Mayor Tom Henry (D-Fort Wayne) says his upcoming budget proposal will not include any layoffs.
But FOX Fort Wayne has learned it will raise property taxes.
As Henry puts the final touches on next year's budget, he says city employees' jobs are safe.
“There will be no layoffs despite a 30 percent decrease in income tax revenue,” said Henry.
Henry credits city leaders with planning well for tough times and for doing more with less. But the mayor's budget will call for a property tax increase. Joe Fox, spokesman for Mayor Henry, says the total city tax rate could go up as much as 2.9 percent—about three cents per thousand dollars.
“As it has every year, for the past, I think it’s seven or eight years, it will go up a very small number,” said Fox.
But FOX Fort Wayne discovered that’s not quite true. In 2007 and 2008, property tax rates actually went down slightly. They dropped significantly in 2003.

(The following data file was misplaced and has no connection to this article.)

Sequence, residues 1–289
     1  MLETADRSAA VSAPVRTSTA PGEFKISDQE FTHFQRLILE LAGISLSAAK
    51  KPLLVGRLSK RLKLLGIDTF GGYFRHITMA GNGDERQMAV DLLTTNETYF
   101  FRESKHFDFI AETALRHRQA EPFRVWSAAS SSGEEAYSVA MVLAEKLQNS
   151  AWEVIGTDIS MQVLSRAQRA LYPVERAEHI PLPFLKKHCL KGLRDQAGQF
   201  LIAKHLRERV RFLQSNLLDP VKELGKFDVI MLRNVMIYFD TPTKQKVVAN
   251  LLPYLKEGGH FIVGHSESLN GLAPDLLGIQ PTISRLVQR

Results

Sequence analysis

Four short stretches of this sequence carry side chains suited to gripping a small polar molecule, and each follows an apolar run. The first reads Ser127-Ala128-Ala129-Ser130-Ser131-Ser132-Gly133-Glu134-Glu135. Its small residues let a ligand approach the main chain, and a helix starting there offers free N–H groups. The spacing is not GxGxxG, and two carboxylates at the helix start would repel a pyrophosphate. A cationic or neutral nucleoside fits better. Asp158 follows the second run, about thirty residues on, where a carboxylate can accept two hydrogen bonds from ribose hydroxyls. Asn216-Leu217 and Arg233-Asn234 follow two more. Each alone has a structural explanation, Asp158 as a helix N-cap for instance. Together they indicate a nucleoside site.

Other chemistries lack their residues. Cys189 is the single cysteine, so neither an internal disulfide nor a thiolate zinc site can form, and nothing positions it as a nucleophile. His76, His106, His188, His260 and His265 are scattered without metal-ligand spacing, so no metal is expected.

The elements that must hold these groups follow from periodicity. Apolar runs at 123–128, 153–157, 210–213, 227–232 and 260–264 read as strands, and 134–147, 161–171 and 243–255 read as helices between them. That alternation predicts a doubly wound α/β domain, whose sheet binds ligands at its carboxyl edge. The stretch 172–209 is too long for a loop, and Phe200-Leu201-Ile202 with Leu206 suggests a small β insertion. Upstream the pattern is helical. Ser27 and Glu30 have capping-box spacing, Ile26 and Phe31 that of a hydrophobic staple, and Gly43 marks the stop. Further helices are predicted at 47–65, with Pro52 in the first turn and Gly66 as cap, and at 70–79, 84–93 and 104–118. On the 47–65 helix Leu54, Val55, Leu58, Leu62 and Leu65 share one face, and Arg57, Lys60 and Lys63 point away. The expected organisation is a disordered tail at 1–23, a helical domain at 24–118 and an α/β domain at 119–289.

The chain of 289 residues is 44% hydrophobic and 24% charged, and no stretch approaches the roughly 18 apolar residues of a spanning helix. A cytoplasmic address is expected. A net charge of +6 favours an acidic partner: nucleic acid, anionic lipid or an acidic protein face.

If next year’s tax rate jumps about three percent, that would mean a $3 increase on a $100,000 home.
“People aren’t going to see very much difference,” said Fox.
The mayor also says he wants council to consider giving city employees a pay raise.
“We are going to ask them to consider our employees as well in the process and try to take care of those who have consistently done more with less,” said Henry.
But City Councilwoman Liz Brown (R-at-Large) doesn't support that.
“To give raises in this economy at this time just flies in the face of what everyone else in
Brown says other companies are struggling just to keep people at work.
“People are still laid off. The recession is still here in
The mayor will present his full budget proposal next week, and Council will have the final say.
After this story aired, Mayor Tom Henry's spokesman, Joe Fox, corrected his statement about the property tax increase.
Fox says property taxes will go up slightly, but they are based on a change in the levy that comes from the state, not a change in the rate. He says the levies are capped at 2.9 percent of the current rate.
Fox says it is not technically a tax increase.